• Double integrals: standard integrals, change of order of integration.
• Ordinary differential equations: First-order differential equations solved by direct integration, separation of variables, and integrating factor. Second-order differential equations with constant coefficients solved by the method of undetermined coefficients.

More information

KC4014 -

Dynamics (Core,20 Credits)

This module is designed to provide you with knowledge in a special topic in Applied Mathematics. This module introduces Newtonian mechanics developing your skills in investigating and building mathematical models and in interpreting the results. The following topics will be covered:

Mathematics Review
Euclidean geometry. Vector functions. Position vector, velocity, acceleration.
Cartesian representation in 3D-space. Scalar and vector products, triple scalar product.

Newton’s Laws
Inertial frames of reference. Newton's Laws of Motion. Mathematical models of forces (gravity, air resistance, reaction, elastic force).

Rectilinear and uniformly accelerated motion
Problems involving constant acceleration (e.g., skidding car), projectiles with/without drag force (e.g., parabolic trajectory, parachutist). Variable mass. Launch and landing of rockets.
Linear elasticity. Ideal spring, simple harmonic motion. Two-spring problems. Free/forced vibration with/without damping. Resonance. Real spring, seismograph.

Rotational motion and central forces
Angular speed, angular velocity. Rotating frames of reference.
Simple pendulum (radial and transverse acceleration). Equations of motion, inertial, Coriolis, centrifugal effects. Effects of Earth rotation on dynamical problems (e.g. projectile motion).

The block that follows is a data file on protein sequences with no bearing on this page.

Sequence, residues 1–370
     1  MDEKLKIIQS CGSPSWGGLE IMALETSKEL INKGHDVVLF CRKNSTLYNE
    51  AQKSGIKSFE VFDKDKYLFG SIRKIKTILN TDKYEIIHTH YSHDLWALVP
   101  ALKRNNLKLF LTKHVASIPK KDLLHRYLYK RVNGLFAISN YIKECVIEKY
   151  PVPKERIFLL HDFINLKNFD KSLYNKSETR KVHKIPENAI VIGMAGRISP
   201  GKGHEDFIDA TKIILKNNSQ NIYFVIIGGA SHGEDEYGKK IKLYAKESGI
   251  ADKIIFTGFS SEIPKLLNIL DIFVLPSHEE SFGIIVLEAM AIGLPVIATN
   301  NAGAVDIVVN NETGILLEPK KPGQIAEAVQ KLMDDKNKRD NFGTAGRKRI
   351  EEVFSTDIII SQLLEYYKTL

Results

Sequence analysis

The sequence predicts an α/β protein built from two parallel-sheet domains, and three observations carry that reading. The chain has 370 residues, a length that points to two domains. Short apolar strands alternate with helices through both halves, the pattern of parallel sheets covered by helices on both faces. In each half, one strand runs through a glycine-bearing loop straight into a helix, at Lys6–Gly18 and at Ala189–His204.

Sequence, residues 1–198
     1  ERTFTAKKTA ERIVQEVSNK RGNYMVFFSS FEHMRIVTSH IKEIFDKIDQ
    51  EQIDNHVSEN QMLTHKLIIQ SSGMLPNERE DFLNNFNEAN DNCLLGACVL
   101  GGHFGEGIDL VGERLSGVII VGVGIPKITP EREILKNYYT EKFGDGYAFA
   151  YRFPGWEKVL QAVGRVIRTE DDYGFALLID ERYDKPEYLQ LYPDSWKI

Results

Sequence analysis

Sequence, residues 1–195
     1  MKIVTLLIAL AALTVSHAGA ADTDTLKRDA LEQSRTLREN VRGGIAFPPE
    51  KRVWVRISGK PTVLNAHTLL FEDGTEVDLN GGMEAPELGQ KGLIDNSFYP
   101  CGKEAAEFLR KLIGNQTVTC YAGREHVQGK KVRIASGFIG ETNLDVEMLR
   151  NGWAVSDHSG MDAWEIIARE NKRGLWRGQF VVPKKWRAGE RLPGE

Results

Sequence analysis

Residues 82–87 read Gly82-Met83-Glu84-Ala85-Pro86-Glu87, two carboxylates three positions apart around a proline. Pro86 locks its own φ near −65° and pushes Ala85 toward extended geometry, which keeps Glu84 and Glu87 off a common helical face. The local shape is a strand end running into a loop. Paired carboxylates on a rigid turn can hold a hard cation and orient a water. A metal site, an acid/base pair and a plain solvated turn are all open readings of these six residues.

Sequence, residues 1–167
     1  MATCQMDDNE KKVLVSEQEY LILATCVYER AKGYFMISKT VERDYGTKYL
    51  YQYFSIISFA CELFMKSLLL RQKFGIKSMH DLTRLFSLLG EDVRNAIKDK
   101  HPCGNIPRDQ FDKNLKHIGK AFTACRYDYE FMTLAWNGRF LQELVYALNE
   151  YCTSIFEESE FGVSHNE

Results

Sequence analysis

Principle of angular momentum, kinetic and potential energy. Motion under a central force. Kepler’s Laws. Geostationary satellite.

More information

KC4017 -

Particles, Waves and the Big Bang (Core,20 Credits)

Outline Syllabus (note this is indicative rather than prescriptive):

Waves and Oscillations
Free, damped and forced vibrations, resonance, coupled oscillators; the nature of travelling waves and transport of energy; types of waves including sound, water waves and light; interference, beats and standing waves; dispersion; simple diffraction phenomena.

Geometrical Optics
Phenomena in geometrical optics, interference and diffraction and their practical applications. Properties of optical systems. The dependence of geometrical optics on wave theory.

Wave-particle duality
Electromagnetic spectrum, black body radiation and the photoelectric effect.

Standard Model and the Big Bang
A qualitative introduction to the standard model of particle physics. An introduction to Feynman diagrams. Basic constituents of matter, such as quarks and leptons, their fundamental properties and interactions, and their origin at the creation of the universe. Introductory Cosmology. Microwave Background Radiation. Star formation. Types of stars. Stellar classification.

More information

KD4010 -

Electricity, Magnetism and Electronics (Core,20 Credits)

This module will introduce you to fundamental electromagnetism, electrical circuit theory and analogue electronics. Through a combination of lectures, labs and technology-enhanced resources, you will learn to analyse basic DC and AC circuits and to familiarise with fundamental electronic components such as operational amplifiers and semiconductor diodes. This module will provide you with core knowledge, and experimental, numerical and analytical skills to tackle problems in electrical and electronic principles, thus establishing firm foundations for future employability.